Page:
When The Wall Came Tumbling Down

Filed Under (Uncategorized) by Estee on 09-11-2009

It’s quite a night for me to watch this twenty years since the Berlin Wall came down. I remember exactly where I was watching a younger CNN minute-by-minute, glued, because the year before I had just been there. I visited East Berlin where the group I was with were searched, when we were escorted to the places we were only meant to see. Bullet holes still embedded in old buildings were not just the remnants of the the war, but of a regime too tired to rebuild its environment or nurture its people. For me, Berlin is also the place of Bertolt Brecht, who I studied in university:

Brecht’s Marxist political convictions led him to propose an alternative direction for the theatre that would fuse the two functions of instruction and entertainment. In this way the theatre could project a picture of the world by artistic means and offer models of life that could help the spectators to understand their social environment and to master it both rationally and emotionally. The main concept of Brecht’s program was that of Verfremdungseffekt (“alienation”). In order to induce a critical frame of mind in the spectator, Brecht considered it necessary to dispense with the empathetic involvement with the stage that the illusionary theatre sought to induce. Generally, this has been understood as a deadening coldness in the productions, but such an interpretation proceeds from a general ignorance of Brecht’s own writings on the subject. Rather, he insisted, as Appia, Craig, and the Symbolists did before him, that the audience must be reminded that it is watching a play. (Stanford University website).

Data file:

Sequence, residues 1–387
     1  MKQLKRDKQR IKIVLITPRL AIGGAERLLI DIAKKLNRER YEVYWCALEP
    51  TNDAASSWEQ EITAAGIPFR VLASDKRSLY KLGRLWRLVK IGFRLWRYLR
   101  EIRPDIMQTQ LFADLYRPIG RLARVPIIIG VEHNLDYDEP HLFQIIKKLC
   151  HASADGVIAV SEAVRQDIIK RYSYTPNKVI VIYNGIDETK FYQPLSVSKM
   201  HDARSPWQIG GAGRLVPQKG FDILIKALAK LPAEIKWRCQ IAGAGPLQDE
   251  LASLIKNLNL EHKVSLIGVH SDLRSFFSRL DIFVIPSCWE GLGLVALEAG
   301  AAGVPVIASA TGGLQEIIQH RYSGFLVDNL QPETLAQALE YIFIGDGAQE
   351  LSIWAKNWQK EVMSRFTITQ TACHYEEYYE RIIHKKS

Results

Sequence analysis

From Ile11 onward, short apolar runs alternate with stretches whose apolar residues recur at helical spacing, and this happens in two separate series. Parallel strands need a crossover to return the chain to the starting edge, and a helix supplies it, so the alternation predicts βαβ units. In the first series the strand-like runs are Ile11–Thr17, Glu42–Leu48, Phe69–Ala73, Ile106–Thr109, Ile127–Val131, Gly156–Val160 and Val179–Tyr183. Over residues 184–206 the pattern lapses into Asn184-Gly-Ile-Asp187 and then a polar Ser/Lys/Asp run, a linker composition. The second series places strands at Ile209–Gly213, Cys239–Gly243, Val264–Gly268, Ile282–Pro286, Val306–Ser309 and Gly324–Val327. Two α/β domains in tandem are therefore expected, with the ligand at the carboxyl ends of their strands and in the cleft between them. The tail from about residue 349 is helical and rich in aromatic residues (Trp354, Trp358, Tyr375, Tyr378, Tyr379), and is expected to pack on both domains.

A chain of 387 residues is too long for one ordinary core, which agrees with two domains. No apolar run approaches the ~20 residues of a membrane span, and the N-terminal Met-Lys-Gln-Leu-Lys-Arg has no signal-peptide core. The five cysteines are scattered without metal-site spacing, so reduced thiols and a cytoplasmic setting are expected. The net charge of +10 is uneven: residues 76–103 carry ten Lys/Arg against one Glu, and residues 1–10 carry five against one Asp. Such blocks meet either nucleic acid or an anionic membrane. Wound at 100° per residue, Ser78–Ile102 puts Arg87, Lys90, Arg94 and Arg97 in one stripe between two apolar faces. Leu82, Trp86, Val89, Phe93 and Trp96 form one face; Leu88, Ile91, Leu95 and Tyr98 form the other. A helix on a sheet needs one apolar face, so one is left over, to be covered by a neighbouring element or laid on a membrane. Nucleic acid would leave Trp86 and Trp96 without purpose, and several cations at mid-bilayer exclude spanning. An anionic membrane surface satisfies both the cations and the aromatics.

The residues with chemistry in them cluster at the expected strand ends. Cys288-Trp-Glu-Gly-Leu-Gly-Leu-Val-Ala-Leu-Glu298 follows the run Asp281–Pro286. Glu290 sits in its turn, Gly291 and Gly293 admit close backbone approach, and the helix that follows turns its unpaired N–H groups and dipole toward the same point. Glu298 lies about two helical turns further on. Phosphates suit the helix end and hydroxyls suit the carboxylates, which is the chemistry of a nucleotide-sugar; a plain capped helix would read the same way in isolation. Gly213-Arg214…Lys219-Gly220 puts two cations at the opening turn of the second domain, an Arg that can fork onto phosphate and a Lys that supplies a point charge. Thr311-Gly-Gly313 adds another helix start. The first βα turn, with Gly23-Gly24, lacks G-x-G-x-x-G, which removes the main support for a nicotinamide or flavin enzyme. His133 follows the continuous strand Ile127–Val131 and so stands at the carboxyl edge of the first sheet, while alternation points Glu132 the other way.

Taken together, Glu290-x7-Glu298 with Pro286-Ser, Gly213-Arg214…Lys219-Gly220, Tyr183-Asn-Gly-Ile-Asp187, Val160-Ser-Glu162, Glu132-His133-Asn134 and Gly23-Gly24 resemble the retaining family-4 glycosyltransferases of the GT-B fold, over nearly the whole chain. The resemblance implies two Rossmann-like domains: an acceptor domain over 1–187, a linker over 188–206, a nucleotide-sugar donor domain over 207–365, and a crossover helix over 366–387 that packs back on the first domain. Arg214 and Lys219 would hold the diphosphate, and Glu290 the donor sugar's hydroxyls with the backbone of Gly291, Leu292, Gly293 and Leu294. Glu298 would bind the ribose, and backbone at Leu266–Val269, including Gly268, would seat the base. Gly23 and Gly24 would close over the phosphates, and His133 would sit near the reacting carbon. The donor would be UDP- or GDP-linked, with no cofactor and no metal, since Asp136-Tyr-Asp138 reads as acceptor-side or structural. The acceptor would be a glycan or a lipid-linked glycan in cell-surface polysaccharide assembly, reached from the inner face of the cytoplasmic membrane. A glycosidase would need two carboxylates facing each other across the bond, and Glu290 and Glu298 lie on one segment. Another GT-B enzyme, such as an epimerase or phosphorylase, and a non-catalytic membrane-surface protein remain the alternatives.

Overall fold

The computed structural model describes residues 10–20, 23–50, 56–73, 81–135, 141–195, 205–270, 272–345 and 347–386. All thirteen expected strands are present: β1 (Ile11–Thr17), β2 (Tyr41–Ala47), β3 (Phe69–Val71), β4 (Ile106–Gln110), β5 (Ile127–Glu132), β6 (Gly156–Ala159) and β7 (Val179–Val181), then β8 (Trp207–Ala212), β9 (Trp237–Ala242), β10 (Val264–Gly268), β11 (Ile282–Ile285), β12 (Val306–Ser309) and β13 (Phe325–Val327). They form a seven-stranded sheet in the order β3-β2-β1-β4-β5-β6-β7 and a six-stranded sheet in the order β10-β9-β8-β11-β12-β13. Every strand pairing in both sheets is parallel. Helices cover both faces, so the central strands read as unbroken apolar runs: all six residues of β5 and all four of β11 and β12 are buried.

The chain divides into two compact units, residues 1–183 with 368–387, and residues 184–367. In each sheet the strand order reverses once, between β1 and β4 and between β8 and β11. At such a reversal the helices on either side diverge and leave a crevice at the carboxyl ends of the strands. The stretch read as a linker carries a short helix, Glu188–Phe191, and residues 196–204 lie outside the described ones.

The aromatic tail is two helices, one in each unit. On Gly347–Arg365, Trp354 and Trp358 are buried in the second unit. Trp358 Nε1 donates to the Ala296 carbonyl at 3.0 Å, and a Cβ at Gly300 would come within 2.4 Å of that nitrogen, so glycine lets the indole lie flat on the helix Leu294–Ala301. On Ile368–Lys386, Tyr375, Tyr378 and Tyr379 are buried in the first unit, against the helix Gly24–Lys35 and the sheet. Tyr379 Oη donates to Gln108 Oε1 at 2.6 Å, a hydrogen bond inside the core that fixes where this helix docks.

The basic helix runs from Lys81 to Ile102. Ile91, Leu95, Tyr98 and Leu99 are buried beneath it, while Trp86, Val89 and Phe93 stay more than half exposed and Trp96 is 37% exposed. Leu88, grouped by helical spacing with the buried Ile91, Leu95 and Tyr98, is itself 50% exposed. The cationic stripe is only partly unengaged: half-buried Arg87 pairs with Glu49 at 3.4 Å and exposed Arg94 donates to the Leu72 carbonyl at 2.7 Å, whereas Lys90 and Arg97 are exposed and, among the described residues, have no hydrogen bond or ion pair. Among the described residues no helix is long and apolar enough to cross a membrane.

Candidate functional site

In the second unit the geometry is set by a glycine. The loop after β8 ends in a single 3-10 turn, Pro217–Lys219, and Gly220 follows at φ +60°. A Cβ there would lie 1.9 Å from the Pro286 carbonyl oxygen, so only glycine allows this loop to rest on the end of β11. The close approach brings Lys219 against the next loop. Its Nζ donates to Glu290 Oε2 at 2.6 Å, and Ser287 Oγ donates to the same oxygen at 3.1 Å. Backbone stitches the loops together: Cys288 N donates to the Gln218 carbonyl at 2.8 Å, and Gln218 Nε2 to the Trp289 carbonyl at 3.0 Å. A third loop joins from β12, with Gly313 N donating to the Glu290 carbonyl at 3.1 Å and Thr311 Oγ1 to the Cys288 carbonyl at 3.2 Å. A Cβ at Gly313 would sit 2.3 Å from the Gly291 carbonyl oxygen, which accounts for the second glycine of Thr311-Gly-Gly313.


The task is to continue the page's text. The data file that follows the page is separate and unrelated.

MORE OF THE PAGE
And it was rather like that, my visit to East Berlin — a carefully staged tour, a kind of theatre of pretense. Yet what remained hidden remained so visible in its absence.

I’ve not yet been back since the wall has come a-tumbling down, but I’m in awe of the art installation of dominoes to commemorate this important point in our history. May all walls that separate our ideals come tumbling down with this both historic and symbolic event.


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About Me


I’m a PhD candidate at York University, Critical Disability Studies, with a multi-disciplinary background in the arts as a curator and writer. I am the Founder of The Autism Acceptance Project (www.taaproject.com), and an enamoured mother of my only son who lives with the autism label. I like to write about our journey, critical issues regarding autism in the area of human rights, law, and social justice, as well as reflexive practices in (auto)ethnographic writing about autism.